In a decision made in September 2006, the Illinois Appellate Court took another step in defining what constitutes Unlawful parenting time Interference. David and Jodi had been married for 19 years at the time of their divorce in 2003. They had two children, a daughter who was 15 years old, and their son who was 10 years old. Jodi had been granted allocation of parental responsibilities at the time of their divorce and David had been granted specific parenting time with his children. Even though allocation of parental responsibilities had been awarded to Jodi, a parenting agreement had been signed by the parties which had the following specific requirements:

  1. The former spouses had to work together to resolve scheduling conflicts, and cooperate in rescheduling missed visits;
  2. Jodi was barred from ever withholding parenting time because of child support disputes;
  3. Jodi was prohibited from discussing future disagreements with David in the presence of the children;
  4. Each party was prohibited from making disparaging remarks about the other parent in front of the children;
  5. Jodi was required to disclose the minor children’s grades and school records to David;
  6. The children were required to attend psychological therapy; and
  7. Jodi was required to consult with David prior to making decisions regarding extracurricular activities for the minor children.

Approximately six months after the parties’ divorce, in May 2004, David filed a petition asking that Jodi be held in indirect civil contempt of court, and further made allegations of Unlawful parenting time Interference against Jodi. Some of David’s allegations were as follows:

  1. The minor children refused to stay overnight at David’s house;
  2. Jodi discussed her financial disputes with David in front of the children;
  3. Jodi removed David’s name from their daughter’s contact list at school, which prevented David from being informed about his daughter’s grades and school events;
  4. Jodi enrolled the children in extracurricular activities during David’s court ordered parenting time;
  5. Jodi told David that if he did not pay for their daughter’s upcoming trip to Philadelphia, PA, that Jodi was going to tell her daughter that she could not go to Philadelphia because her father would not pay;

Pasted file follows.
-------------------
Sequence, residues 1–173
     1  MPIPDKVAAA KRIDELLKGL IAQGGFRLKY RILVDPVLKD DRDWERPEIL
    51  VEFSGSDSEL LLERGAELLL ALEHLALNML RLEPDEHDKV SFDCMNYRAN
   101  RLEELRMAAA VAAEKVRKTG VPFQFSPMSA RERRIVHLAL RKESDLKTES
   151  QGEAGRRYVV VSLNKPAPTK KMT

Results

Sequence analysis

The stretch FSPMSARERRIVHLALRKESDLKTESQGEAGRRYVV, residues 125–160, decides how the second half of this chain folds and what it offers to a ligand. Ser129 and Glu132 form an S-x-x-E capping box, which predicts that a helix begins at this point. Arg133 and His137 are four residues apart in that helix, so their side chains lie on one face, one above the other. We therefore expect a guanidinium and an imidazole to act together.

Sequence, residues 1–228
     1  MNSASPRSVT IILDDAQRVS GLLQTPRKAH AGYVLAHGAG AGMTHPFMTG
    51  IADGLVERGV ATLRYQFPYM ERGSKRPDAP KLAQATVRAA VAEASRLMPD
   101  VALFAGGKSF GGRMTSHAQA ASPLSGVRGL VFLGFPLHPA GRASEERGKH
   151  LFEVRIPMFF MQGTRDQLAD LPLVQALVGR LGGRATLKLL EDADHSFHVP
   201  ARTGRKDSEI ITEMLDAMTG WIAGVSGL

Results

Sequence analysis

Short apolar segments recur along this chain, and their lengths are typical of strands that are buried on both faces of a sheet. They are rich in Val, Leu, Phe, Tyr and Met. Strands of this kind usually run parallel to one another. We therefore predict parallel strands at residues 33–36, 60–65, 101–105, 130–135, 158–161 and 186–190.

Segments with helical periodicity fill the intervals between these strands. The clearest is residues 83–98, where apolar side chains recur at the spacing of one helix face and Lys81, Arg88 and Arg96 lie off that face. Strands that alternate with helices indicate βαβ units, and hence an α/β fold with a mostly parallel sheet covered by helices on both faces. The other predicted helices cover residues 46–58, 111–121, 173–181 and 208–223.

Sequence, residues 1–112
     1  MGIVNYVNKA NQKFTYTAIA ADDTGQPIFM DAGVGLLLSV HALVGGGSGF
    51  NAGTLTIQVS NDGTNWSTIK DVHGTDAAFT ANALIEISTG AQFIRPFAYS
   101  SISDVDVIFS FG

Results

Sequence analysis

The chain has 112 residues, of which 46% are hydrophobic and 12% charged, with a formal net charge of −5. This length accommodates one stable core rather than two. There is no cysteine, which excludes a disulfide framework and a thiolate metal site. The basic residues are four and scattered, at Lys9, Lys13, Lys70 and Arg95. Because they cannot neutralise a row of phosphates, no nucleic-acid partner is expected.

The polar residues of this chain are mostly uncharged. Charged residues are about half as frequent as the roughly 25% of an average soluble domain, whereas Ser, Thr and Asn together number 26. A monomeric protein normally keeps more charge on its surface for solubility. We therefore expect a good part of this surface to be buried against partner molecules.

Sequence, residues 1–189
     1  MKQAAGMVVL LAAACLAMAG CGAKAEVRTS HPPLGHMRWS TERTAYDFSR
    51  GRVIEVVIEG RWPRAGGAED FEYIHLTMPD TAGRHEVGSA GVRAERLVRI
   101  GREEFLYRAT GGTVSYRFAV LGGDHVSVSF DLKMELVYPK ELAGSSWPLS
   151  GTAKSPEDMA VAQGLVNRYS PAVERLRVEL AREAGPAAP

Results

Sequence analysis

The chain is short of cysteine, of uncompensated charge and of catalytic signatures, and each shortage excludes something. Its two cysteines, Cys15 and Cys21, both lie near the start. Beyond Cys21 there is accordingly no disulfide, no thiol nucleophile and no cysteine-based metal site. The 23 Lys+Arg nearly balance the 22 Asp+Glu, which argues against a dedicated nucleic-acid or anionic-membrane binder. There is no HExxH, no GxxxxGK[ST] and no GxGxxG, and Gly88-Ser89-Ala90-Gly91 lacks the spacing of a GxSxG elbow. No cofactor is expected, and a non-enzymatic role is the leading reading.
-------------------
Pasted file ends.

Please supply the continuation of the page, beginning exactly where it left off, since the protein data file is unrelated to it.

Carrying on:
6. Jodi scheduled a surprise birthday party for her daughter on David’s weekend parenting time, and David was not invited; and,
  7. David did not have parenting time on his birthday nor on Father’s Day, even though specifically allowed in the parenting agreement;

Jodi’s defenses to all of these allegations were that the children disliked their father, the children chose to attend extracurricular activities rather than visit with their father, and that even if Jodi violated the terms of the parenting agreement, and her conduct was not intentional.

The initial trial court determination on David’s petition asking that Jodi be held in indirect civil contempt of court, and David’s petition for Unlawful parenting time Interference was that both parents were “bad parents,” but Jodi’s conduct in violating numerous terms of the parenting agreement, although egregious, was somehow justified because of David’s poor parenting skills.

The trial court decision was reversed in September, 2006 by the Illinois Appellate Court. At no time did Jodi ever provide lawful justification for her numerous violations of the parenting agreement, and accordingly, the Illinois Appellate Court instructed the trial court to once again review the case, and order the trial court to impose sanctions against Jodi, including the payment of all of David’s reasonable attorneys fees, which could amount to several thousands of dollars.

In summary, no matter how many times parents are counseled by their attorneys to leave children out of any ongoing disputes with their former spouses, this advice often times does not register, or the parents simply cannot control their behavior. Once parties are divorced, all parents should make his and her respective best efforts to allow their children to continue developing their relationship with each parent without interference from the other parent.

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